Louisiana Digital News

Android 14 has a native screenshot detection system and apps are finally using it


Ephemeral messaging apps like Snapchat have long relied on screenshot detection to prevent users from permanently saving conversations and media. While these apps have developed their own methods to detect screenshots, Android 14 now offers a native API for this purpose.

As reported by AndroidPolice, German shopping app OTTO has become one of the first to adopt Android 14‘s screenshot detection API. When a user takes a screenshot within the OTTO app, a toast message is displayed informing them that their action has been detected. Developers can then implement various actions based on this notification.

Important to note is the fact that the app is only informed of the screenshot action and not the actual contents of the screen. It’s up to the app developer to determine what was on the screen when the screenshot was taken.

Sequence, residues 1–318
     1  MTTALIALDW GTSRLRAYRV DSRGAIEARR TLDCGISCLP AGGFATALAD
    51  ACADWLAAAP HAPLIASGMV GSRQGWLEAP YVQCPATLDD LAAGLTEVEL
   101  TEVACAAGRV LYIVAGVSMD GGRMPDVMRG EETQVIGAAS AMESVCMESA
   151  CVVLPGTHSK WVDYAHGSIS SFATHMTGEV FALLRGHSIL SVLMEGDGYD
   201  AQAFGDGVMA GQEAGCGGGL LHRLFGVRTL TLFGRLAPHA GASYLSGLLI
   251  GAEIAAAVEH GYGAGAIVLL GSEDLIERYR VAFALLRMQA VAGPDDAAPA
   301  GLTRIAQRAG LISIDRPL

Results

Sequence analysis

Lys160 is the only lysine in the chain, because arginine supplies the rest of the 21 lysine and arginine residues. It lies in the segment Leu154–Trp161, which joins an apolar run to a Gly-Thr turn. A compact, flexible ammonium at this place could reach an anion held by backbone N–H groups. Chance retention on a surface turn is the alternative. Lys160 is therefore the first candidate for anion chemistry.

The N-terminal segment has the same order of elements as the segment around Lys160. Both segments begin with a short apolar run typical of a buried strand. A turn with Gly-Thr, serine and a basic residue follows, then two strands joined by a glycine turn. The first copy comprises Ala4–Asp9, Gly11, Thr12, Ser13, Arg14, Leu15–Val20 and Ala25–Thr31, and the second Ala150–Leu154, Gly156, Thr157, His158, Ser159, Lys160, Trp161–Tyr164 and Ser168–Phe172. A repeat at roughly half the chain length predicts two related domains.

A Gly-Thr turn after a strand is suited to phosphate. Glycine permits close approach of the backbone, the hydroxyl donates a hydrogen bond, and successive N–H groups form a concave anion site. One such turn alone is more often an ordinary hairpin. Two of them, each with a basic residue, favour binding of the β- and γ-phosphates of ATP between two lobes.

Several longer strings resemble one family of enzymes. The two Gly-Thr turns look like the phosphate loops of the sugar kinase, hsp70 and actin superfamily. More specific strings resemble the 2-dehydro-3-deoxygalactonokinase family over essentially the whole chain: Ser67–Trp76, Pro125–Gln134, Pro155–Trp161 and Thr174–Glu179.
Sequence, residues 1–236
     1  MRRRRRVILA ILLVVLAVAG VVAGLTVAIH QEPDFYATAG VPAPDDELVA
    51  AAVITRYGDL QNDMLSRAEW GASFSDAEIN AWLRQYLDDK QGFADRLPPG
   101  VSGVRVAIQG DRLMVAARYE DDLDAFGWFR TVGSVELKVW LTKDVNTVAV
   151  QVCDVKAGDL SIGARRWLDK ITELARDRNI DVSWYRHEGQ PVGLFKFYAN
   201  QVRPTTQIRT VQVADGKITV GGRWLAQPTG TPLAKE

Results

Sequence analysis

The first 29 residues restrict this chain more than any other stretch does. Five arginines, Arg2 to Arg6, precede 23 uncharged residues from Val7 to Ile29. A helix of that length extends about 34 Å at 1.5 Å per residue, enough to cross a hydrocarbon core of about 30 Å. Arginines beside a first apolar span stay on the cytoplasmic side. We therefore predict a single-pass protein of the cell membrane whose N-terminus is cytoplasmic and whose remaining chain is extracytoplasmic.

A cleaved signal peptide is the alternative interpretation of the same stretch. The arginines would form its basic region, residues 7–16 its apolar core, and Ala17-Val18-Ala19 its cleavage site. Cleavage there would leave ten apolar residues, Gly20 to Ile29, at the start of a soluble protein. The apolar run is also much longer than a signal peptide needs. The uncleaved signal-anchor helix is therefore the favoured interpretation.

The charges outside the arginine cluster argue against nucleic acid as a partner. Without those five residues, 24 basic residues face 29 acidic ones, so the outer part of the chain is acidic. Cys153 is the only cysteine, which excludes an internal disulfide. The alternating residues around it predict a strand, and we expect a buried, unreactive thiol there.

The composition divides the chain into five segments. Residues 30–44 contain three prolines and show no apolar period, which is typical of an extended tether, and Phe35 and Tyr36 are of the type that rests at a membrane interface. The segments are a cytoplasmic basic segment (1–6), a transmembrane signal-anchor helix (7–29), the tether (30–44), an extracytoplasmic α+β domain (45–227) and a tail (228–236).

App Developers can then take various actions, such as notifying the other party in a messaging app that a screenshot has been captured. Google’s description of the screenshot detection API is as follows:

However, this API is not a perfect solution for all the ways in which a screenshot can be taken, as the API can only detect screenshots taken using the hardware button combination. Those that wish to take a stealthy screenshot without the API detecting it, can still do so by using the “Recents” task switcher screen when swiping up and holding, using ADB, or using a root screenshotting app.

Still, apps can still make use of older APIs for stricter control, which allow them to completely block the screenshot functionality. These older APIs can be seen at work in some banking and video streaming apps to protect sensitive data or copyright content.

The official Android API for screenshot detection simplifies the process for app developers, eliminating the need for custom workarounds like those used by Snapchat. However, users should continue to exercise caution when taking screenshots of conversations and other sensitive content, as the other party may be notified — or simply exercise common sense when it comes to taking screenshots of private content.

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